April 22, 2017 (STL.News) The Better Business Bureau of St. Louis is warning taxpayers of a possible IRS scam.
Under a new program, the IRS will begin sending letters to a relatively small group of taxpayers whose overdue federal tax accounts are being assigned to one of four private-sector collection agencies. The BBB is concerned that this may result in an opportunity for con artists.
“Scammers might use this program as a cover to trick people into sending money,” said Michelle Corey, BBB president and CEO.
The BBB predicts that scammers could contact taxpayer by phone and pose as one of these collection agencies.
The BBB says these collection agencies for the IRS will never call and demand immediate payment over the phone.
The new program which is authorized under a federal law, was enacted by Congress in December 2015. It enables these designated contractors to collect unpaid tax debts on the government’s behalf.
The four private groups participating in this program are CBE Group of Cedar Falls, Iowa, Conserve of Fairport, N.Y, Performant of Livermore, California, and Pioneer of Horseheads, N.Y. The taxpayer’s account will only be assigned to one of these agencies, never to all four. No other private group is authorized to represent the IRS.
“The consumers included in the private collection program typically already know they have a tax issue. If you get a call from someone saying they’re from one of these groups and you’ve paid your taxes, that’s a sure sign of a scam.” Corey said.
Taxpayers who are unsure if they have an unpaid tax debt from a previous year, which is what the private collection firms will handle, they can go to IRS.gov and check their account balance: www.irs.gov/balancedue.
The Better Business Bureau recommends the following tips to avoid scams involving the IRS:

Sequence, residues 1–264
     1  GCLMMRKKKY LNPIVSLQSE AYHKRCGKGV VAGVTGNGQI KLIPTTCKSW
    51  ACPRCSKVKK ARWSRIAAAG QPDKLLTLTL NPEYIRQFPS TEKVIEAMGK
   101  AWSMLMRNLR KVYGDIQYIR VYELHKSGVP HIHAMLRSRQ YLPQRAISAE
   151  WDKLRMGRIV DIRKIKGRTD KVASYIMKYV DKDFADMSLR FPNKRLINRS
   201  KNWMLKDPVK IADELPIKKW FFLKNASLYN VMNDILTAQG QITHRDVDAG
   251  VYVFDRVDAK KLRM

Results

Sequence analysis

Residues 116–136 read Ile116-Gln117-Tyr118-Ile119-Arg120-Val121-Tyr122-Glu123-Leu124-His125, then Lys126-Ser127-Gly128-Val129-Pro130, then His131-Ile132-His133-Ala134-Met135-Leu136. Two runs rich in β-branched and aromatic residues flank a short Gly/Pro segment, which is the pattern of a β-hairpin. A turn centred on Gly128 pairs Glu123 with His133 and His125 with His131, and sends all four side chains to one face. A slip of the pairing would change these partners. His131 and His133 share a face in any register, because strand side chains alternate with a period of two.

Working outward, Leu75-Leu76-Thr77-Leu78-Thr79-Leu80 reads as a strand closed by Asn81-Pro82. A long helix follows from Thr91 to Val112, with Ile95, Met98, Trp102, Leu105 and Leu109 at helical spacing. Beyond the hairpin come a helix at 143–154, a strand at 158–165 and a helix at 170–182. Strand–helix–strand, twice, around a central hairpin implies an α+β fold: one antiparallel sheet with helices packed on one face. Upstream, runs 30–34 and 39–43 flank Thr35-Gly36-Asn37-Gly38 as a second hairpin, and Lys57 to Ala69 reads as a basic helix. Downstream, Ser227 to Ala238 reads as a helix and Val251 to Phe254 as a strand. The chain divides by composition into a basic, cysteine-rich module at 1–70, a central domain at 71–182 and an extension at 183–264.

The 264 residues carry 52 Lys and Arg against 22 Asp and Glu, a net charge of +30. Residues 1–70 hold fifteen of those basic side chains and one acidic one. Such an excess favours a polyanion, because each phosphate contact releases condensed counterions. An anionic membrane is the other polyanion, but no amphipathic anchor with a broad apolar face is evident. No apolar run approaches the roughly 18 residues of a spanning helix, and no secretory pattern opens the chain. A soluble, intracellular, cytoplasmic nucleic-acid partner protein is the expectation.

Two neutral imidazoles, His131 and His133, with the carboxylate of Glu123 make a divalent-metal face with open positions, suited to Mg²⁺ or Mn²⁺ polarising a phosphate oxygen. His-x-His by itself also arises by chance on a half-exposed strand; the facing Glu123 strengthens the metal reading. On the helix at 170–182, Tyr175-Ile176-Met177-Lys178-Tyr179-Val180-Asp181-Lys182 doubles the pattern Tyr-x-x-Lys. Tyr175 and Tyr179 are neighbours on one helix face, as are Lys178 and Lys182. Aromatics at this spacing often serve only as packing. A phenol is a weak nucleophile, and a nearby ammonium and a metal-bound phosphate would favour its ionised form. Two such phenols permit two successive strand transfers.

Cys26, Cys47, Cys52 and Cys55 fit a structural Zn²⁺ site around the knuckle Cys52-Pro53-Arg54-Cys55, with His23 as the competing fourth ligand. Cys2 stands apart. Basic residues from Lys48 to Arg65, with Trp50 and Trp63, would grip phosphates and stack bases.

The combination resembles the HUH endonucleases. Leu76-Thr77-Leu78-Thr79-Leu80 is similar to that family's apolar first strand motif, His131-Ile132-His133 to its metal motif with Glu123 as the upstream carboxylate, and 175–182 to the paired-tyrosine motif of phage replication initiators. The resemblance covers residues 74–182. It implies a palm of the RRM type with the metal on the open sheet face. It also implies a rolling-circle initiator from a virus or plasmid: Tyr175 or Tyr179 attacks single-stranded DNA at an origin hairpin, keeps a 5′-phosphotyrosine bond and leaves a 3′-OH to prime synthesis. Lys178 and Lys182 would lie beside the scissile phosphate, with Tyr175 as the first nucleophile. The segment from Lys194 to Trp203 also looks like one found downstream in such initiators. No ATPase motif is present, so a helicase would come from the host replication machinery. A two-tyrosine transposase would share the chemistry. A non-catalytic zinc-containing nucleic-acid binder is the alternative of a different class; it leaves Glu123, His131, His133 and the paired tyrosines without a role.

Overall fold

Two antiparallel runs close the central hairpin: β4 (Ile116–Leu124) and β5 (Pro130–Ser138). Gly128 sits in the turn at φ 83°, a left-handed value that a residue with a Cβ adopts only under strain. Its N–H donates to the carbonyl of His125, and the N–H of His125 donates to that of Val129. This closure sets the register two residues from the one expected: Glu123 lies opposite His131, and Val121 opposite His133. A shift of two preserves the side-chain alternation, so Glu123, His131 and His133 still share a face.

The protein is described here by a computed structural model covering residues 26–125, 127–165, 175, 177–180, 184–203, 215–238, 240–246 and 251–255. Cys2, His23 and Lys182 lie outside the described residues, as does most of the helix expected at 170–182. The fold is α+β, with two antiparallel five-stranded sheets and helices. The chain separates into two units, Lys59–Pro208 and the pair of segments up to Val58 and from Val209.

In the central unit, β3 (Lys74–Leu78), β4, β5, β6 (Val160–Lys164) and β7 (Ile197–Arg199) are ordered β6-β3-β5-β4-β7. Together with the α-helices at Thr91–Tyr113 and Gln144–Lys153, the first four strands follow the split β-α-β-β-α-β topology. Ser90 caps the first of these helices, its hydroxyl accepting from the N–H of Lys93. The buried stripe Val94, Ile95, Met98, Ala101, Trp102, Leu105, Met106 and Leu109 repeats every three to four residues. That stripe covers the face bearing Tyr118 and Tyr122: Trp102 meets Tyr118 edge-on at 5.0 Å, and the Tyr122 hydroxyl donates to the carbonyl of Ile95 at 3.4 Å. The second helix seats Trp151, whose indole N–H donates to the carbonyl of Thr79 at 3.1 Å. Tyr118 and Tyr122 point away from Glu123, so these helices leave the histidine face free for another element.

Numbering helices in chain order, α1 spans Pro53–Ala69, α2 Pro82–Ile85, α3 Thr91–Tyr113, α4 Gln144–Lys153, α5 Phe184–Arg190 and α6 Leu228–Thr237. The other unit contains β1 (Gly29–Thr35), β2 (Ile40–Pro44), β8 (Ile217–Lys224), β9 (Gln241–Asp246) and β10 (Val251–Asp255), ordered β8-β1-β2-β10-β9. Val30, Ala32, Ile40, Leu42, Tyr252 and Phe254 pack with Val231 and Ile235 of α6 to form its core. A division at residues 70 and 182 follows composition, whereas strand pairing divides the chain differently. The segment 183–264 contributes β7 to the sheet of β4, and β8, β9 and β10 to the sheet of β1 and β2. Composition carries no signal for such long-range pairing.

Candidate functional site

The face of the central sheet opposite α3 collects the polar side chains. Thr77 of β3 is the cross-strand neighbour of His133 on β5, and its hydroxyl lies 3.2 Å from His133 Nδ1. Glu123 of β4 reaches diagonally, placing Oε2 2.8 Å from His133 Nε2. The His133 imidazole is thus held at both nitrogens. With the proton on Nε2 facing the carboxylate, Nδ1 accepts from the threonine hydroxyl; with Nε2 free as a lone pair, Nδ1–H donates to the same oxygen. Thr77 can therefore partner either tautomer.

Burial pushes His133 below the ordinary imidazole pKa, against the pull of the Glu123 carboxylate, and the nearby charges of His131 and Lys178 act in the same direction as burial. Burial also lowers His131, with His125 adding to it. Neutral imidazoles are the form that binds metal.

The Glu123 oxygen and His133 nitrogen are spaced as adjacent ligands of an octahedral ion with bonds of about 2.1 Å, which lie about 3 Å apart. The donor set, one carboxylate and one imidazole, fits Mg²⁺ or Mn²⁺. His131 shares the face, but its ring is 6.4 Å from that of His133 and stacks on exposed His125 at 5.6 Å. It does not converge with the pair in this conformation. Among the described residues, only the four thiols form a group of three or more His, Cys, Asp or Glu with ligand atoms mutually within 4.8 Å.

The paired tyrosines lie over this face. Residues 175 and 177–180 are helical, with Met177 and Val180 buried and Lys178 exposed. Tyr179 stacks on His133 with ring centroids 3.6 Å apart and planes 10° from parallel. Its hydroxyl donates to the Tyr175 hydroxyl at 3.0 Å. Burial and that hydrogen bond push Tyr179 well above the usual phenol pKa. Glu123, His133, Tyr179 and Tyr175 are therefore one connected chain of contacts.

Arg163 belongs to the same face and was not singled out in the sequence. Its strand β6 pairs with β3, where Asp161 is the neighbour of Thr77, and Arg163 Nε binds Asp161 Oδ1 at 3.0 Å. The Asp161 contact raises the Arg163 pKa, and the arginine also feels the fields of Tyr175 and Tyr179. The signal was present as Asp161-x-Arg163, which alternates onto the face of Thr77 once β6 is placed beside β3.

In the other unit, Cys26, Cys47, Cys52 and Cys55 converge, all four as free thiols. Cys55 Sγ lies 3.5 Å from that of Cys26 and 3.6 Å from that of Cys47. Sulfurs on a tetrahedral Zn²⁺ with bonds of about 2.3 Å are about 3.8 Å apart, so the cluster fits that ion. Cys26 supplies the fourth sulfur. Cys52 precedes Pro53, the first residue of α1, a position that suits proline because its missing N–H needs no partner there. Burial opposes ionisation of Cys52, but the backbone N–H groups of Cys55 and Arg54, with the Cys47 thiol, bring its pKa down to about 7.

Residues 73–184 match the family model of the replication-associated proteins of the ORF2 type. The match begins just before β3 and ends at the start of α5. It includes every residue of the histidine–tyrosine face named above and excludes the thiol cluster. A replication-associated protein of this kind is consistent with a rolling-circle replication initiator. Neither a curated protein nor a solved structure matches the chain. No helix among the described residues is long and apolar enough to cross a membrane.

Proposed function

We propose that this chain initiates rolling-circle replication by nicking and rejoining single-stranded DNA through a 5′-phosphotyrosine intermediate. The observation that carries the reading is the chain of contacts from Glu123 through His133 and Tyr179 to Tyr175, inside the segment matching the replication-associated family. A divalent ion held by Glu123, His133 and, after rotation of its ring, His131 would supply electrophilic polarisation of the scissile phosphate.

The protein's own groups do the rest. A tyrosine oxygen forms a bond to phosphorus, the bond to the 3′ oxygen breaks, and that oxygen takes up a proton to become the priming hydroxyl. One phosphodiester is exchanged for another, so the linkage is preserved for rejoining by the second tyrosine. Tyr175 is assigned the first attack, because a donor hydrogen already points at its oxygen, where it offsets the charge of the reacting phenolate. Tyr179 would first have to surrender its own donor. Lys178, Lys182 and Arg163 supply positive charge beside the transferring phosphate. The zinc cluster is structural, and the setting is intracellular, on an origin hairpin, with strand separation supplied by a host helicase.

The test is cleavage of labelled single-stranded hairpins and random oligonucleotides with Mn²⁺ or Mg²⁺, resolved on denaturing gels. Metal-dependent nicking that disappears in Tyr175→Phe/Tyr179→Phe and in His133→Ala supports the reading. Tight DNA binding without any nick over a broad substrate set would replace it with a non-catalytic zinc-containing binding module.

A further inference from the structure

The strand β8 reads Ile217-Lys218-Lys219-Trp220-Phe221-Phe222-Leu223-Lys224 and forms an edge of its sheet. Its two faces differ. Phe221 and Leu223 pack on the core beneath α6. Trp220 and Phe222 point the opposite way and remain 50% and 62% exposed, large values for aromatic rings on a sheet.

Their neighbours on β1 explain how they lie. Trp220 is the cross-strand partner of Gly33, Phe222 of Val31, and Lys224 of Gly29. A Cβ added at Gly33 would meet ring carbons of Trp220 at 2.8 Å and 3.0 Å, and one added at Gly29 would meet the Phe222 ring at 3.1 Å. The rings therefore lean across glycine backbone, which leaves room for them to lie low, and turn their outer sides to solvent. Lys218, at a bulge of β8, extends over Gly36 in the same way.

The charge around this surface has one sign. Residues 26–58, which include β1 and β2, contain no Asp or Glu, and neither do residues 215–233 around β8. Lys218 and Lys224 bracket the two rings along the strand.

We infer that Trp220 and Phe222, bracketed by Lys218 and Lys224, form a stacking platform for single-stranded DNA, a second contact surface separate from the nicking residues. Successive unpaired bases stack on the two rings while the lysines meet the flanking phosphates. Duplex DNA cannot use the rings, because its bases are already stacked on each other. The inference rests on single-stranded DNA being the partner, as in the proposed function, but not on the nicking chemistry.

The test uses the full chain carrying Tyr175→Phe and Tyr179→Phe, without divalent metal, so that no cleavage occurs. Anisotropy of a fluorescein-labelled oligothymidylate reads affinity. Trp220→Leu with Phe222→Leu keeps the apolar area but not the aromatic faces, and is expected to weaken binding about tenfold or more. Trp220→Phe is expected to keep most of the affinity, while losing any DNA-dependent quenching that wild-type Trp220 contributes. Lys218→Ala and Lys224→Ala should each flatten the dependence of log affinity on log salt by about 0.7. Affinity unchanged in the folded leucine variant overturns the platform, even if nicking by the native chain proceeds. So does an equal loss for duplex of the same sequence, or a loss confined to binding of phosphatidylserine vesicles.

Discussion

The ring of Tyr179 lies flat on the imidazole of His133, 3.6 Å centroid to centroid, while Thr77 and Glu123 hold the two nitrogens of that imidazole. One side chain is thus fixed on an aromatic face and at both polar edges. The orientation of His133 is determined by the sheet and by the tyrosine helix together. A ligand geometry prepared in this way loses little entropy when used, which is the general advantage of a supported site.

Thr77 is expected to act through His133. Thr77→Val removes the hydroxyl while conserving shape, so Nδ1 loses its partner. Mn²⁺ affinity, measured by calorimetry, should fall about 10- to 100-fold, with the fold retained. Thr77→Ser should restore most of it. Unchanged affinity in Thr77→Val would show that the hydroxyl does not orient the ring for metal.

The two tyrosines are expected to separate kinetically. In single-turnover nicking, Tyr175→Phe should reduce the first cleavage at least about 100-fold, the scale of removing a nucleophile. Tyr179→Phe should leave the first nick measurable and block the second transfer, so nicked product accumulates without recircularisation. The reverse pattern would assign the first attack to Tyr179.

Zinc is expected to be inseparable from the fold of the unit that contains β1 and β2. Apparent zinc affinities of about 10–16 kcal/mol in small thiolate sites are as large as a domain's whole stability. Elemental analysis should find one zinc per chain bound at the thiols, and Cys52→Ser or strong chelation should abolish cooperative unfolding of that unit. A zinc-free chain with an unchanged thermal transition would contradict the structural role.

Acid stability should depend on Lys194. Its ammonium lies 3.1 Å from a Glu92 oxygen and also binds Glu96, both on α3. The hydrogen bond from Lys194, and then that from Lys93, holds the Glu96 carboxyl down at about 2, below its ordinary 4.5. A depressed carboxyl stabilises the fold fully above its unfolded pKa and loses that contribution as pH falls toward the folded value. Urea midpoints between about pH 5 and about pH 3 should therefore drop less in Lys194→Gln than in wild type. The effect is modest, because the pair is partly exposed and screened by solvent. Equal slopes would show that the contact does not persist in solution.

- The IRS will never call to demand immediate payment using a specific payment method such as a prepaid debit card, gift card or wire transfer.
- Most people can set up a payment agreement with the IRS online in a matter of minutes. Those who owe $50,000 or less in combined tax, penalties and interest can use the Online Payment Agreement to set up a monthly payment agreement for up to 72 months. Some taxpayers may also qualify for an offer-in-compromise.
- The private firms are authorized to discuss payment options, including setting up payment agreements with taxpayers. But as with cases assigned to IRS employees, any tax payment must be made, either electronically or by check, to the IRS. A payment should never be sent to the private firm or anyone besides the IRS or the U.S. Treasury. Checks should only be made payable to the United States Treasury. To find out more about available payment options, visit IRS.gov/Payments.
- Private firms are not authorized to take enforcement actions against taxpayers. Only IRS employees can take these actions, such as filing a notice of Federal Tax Lien or issuing a levy. To learn more about the new private debt collection program, visit the Private Debt Collection page on IRS.gov.